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THEN & NOW: Wine and liquor

Barrie Historical Archive hosting virtual walking tour to check out the city's watering holes from years gone by

This ongoing series from Barrie Historical Archive curator Deb Exel shows old photos from the collection and one from the present day.

R. McDonnell Wines & Liquors 

This week, the Barrie Historical Archive is celebrating its fourth anniversary with a new virtual walking tour of downtown Barrie’s ‘grand’ hotels. The stops on our virtual ‘pub crawl’ include the Royal Hotel, the Vespra House HotelClarkson House HotelQueen’s HotelWellington HotelAmerican HotelVictoria Hotel and Simcoe Hotel. Visit our Facebook page to see our daily guides!

In keeping with the theme of our tour, we’re going to talk spirits and a brief history of drinking in Ontario.

Thomas O’Meara managed R. McDonnell’s Wines and Liquors at 23 Dunlop St. E. It opened in 1889 and was thought to be an attractive building and the best local shop for fine liquors.

The store had a steadily growing base of customers, due to McDonnell’s business approach and good service. McDonnell’s carried all the leading brands of domestic and imported wines and liquors for both retail and wholesale markets.

Less than 30 years later, the Ontario Temperance Act of 1916 spelled the arrival of Prohibition. By 1918, the Canadian government had outlawed the import, manufacture or transportation of alcohol. In fact, both the Wellington and Simcoe hotels were closed on Sept. 18, 1916, as the Act went into effect.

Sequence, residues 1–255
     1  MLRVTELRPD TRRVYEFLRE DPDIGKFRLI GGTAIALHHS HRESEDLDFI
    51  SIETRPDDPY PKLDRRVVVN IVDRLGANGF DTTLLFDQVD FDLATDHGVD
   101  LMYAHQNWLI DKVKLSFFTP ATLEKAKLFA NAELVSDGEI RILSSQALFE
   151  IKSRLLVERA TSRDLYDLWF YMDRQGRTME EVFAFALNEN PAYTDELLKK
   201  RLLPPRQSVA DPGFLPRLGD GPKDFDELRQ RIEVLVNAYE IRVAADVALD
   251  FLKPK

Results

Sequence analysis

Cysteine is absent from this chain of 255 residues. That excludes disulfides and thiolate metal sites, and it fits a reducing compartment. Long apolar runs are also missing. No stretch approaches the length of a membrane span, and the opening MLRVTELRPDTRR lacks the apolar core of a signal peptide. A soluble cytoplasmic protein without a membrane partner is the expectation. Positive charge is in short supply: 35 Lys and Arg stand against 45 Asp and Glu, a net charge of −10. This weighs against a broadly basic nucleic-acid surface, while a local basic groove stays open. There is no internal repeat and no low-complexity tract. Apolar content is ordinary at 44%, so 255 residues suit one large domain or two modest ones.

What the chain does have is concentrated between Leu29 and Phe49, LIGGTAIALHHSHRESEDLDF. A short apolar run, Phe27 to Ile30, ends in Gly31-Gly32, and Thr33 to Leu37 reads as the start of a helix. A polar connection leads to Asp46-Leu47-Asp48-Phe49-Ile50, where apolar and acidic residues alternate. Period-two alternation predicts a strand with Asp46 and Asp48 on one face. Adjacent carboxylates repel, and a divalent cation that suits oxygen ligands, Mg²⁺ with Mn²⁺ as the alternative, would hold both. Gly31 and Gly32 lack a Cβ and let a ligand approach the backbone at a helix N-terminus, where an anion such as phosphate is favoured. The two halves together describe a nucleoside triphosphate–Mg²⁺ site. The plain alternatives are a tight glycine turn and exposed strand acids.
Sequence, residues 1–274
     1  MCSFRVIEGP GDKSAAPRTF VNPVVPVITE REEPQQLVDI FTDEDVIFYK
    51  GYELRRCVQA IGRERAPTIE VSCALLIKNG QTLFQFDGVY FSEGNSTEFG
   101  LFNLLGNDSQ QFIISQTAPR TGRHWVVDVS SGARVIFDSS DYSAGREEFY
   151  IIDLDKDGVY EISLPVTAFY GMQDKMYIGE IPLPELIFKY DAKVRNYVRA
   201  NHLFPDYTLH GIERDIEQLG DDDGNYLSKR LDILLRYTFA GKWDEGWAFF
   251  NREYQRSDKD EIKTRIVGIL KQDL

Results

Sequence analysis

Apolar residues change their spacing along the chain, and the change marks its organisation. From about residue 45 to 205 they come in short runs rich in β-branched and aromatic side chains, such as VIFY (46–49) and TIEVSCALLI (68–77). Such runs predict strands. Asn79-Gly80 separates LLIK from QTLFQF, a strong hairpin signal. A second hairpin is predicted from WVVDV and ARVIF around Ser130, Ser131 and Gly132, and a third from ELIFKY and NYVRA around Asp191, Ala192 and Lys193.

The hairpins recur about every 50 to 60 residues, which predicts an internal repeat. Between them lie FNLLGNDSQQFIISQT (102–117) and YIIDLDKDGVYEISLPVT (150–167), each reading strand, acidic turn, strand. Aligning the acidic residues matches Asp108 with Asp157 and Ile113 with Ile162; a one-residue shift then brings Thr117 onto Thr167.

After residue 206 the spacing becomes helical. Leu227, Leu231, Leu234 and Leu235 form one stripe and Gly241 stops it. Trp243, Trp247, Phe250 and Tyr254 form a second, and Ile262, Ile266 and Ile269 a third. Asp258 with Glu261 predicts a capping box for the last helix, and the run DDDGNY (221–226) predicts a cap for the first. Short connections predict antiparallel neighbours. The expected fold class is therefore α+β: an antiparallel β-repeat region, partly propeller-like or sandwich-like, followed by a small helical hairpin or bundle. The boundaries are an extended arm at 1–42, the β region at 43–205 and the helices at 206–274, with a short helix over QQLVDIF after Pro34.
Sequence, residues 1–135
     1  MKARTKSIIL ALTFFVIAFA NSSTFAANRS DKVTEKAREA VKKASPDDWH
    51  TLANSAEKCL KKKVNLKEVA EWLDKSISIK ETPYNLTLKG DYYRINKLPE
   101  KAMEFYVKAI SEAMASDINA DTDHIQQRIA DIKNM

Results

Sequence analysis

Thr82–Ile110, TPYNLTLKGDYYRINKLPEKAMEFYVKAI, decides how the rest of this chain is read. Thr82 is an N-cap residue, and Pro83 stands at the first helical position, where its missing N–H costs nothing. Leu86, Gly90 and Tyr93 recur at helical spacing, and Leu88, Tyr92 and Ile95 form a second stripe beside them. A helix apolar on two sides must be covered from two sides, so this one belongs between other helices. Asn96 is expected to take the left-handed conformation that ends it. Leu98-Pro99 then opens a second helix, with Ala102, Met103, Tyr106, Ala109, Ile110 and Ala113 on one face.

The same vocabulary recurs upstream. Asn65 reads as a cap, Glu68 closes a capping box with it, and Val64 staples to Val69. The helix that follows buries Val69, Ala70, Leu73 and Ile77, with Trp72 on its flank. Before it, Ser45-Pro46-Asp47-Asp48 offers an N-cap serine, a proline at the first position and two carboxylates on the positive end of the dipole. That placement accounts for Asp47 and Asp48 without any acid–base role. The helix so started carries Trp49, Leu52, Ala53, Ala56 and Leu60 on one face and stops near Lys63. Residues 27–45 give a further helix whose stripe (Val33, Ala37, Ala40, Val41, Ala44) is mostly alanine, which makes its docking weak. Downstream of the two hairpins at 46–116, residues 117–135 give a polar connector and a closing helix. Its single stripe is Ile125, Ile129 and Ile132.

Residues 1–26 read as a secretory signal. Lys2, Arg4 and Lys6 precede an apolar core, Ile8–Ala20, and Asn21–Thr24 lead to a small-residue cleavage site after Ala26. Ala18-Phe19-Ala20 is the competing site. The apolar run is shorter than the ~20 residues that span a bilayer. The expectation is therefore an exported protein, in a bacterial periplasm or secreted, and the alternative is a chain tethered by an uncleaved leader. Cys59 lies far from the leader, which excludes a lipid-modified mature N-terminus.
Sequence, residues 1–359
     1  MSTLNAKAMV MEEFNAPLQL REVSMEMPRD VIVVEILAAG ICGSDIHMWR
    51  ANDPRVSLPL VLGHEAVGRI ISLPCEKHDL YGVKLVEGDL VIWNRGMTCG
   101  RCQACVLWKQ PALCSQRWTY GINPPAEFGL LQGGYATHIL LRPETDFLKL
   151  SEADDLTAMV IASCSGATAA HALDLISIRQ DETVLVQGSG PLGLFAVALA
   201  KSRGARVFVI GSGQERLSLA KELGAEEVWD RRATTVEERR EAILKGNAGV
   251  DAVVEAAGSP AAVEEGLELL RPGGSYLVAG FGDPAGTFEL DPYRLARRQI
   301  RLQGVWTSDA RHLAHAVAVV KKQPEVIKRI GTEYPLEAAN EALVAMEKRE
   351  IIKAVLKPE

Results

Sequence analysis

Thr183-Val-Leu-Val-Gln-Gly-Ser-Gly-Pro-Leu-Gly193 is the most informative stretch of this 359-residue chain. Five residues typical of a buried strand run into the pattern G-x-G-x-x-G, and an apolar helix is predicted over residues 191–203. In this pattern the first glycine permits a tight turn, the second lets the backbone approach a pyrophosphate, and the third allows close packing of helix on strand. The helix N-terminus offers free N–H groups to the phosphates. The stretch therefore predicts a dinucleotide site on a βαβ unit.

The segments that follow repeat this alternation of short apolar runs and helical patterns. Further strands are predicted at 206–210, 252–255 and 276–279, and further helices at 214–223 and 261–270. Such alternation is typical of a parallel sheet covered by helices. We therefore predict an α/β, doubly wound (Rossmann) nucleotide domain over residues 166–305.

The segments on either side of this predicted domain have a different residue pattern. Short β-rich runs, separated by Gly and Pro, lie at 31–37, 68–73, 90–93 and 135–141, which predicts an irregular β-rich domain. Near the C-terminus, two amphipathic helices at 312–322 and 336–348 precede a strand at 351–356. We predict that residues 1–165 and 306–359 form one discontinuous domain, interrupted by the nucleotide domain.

Interestingly — or maybe luckily — in Ontario, doctors and drug stores could write prescriptions for alcohol. In 1920 alone, 650,000 ‘scripts were written!

The Liquor Control Act of 1927 ended Prohibition and introduced the Liquor Control Board of Ontario (LCBO) to "control the sale, transportation and delivery" of alcoholic beverages in Ontario, while the Brewers Retail similarly controlled the sale of beer.

Possibly the very first LCBO in Barrie was located in the American Hotel.

Many of the hotels on our tour would have been impacted by a 1934 mandate, which gave the LCBO oversight of by-the-glass sales of alcohol in drinking establishments. These regulations also gave the LCBO the right to restrict the number of patrons allowed to sit together, limitations on singing and, most notably, the segregation of women from single men.

Most hotels back in the day had a ‘Ladies and Escorts’ side and a men’s entrance to separate the drinking crowds.

From 1927 until 1962, if you wanted to shop at the LCBO, you had to have a permit. The annual permit booklets, eventually a card, were presented when purchasing liquor and the clerk would record exactly what and how much was being bought. This tracking of the quantity and frequency of purchases allowed the LCBO all manner of ‘big brothering’ in an effort to control who and how much an individual could ‘drink’.

Some readers may even remember a time when they had to complete a little slip of paper at a desk before handing it to a clerk to retrieve their alcohol, bag it under the counter, then discreetly slide the package across the countertop to them.

It wasn’t until 1969, when the first self-serve store was introduced, that the whole customer experience for LCBO shoppers started to change.

But back in the late-1800s, liquor stores were much different. Unfortunately for Mr. McDonnell, he was only able to have the satisfaction of owning a successful business for four years, before he passed away.

His wife, Mrs. McDonnell, took over operation of the store, and with the continuing management of Mr. O’Meara, it remained a popular and thriving main street shop.